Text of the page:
New Life for Leftover Latex
Peek into any basement or garage and you'll find them: old cans of paint left from a domestic makeover. Every year, do-it-yourselfers stash away some 66 million gallons of surplus latex. That's not counting the tons of waste from commercial sources, including low-quality paints rejected by manufacturers, dinged cans tossed by retailers, and big barrels abandoned by contractors.
A startup hopes to shift the flow of this colorful river away from the nation's landfills and into new plastics. Licensing technology from Rutgers University, Re-Manufacturing Technologies (RMT) has developed a process that combines waste paint with recycled plastic to produce resin pellets that companies melt and mold into various forms, from kitchen tools to electronics cases.
The RMT approach avoids landfill costs and helps meet the plastics industry's growing demand for recycled supplies, for which prices have climbed recently. Some day, paint recyclers might even pay you a fee to return those unwanted cans in your basement.
A Battery That Can Power a Whole Town
Nuclear "batteries" are nothing new. Energy from a fist-size lump of plutonium has powered the Voyager spacecraft for 25 years. And tiny specks of the stuff kept pacemakers ticking for decades. Now, Hyperion Power Generation (HPG) is developing a nuclear battery capable of powering a town. The size of a hot tub, it can put out more than 25 megawatts for five years, enough to run 25,000 homes.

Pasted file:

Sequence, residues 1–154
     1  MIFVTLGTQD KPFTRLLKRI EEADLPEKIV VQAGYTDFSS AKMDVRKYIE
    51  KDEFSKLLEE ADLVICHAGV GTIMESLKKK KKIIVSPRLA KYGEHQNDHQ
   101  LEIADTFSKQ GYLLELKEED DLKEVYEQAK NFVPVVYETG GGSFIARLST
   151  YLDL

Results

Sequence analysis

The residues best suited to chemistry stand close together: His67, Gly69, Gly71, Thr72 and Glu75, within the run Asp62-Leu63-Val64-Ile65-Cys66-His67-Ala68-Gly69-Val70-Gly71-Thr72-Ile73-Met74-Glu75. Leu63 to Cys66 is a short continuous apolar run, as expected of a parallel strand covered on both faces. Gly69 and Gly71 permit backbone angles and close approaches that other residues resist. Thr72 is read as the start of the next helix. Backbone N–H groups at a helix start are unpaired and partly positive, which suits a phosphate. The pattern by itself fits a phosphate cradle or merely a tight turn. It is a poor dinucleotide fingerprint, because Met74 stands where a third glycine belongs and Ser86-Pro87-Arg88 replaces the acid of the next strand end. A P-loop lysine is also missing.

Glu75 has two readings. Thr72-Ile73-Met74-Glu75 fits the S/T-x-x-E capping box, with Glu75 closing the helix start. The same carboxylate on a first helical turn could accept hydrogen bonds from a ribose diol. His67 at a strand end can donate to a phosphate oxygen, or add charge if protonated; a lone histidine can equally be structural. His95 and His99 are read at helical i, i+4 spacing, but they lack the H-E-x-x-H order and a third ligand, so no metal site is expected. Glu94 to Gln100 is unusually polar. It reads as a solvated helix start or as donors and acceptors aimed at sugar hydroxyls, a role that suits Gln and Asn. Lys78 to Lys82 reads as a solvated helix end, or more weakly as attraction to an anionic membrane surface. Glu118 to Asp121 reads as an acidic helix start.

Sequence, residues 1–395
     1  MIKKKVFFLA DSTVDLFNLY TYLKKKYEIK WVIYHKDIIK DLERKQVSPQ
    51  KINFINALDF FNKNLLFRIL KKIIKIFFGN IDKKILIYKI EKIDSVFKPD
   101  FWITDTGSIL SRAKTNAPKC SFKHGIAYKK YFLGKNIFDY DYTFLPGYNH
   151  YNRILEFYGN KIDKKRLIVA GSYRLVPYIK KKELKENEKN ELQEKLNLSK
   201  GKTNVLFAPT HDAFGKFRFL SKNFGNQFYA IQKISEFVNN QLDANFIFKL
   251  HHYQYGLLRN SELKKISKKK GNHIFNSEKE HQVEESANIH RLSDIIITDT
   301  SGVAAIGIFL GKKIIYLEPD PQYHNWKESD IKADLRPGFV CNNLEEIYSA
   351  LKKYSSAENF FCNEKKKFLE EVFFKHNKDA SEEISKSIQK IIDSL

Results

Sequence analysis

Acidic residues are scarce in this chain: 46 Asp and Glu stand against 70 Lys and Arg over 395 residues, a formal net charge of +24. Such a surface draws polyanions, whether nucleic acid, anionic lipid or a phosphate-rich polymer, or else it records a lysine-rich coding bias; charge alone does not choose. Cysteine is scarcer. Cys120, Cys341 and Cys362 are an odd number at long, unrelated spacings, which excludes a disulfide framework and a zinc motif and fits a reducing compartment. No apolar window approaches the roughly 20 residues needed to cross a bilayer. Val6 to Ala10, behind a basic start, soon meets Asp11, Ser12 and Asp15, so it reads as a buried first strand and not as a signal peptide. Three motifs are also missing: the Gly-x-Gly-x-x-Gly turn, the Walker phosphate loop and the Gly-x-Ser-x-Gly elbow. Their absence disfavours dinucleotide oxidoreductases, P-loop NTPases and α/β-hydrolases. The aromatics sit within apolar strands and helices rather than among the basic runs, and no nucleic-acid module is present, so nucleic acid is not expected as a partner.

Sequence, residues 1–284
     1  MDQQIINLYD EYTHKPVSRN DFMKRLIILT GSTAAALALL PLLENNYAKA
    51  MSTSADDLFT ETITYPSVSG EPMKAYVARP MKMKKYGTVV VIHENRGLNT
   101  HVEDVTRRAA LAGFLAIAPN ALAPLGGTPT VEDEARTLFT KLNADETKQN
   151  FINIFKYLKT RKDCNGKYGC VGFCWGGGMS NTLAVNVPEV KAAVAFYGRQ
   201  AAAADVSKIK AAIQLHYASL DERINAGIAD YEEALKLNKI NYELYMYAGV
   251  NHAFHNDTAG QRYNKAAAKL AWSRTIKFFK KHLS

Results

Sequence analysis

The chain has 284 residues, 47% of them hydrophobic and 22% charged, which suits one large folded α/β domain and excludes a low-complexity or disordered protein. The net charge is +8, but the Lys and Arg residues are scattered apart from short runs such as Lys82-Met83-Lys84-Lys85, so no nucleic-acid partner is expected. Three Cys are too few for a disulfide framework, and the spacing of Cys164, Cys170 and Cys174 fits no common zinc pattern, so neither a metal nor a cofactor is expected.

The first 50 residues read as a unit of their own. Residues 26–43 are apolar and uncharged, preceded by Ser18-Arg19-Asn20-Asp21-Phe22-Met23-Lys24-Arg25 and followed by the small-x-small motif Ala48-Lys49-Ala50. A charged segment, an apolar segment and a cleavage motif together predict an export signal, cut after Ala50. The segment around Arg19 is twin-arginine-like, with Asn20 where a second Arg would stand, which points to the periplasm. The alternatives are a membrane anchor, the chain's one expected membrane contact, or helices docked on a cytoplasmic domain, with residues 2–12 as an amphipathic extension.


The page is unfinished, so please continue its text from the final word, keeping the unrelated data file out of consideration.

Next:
Building on technology developed by Los Alamos National Laboratory, the Santa Fe (N.M.) startup's battery runs on uranium hydride, which acts as fuel and also regulates power output, making it virtually impossible for the battery to suffer a meltdown. With no moving parts to break or corrode, HPG's batteries can be buried in the earth for added security and safety. Their small size makes them easy to install and, later, to remove and refuel, cutting out the need to handle radioactive materials on site.
HPG plans to sell its first units to towns and industrial operations not connected to the grid. The company estimates lifetime costs for its battery will be a fraction of the price to build and run a natural gas plant with the same capacity. Backed by venture capital from Altira, HPG could have its batteries ready in six years.
Microbial Methane Munchers
Could a microbe from hell help slow the pace of global warming? In the simmering, corrosive muds of Hell's Gate hot springs of Rotorua, New Zealand, researchers have discovered bacteria that devour methane, a greenhouse gas that environmentalists consider 20 times more harmful that carbon dioxide.
GNS Science, a research organization owned by the New Zealand government, says the tough new bug is the first methane-loving bacterium found to flourish in conditions as hot as 158F, with a chemical ambience similar to stomach acid. This makes it potentially easier to adapt to other hostile environments such as landfills, which leak methane as trash decomposes.
Matthew Stott, a GNS microbiologist, says the bug could also be adapted for use in other methane-venting sites, such as mines. Publishing in Nature, the researchers dubbed their superhardy discovery Methylokorus infernorum, a mix of the Latinized names for methane and the infernal place the bug was found.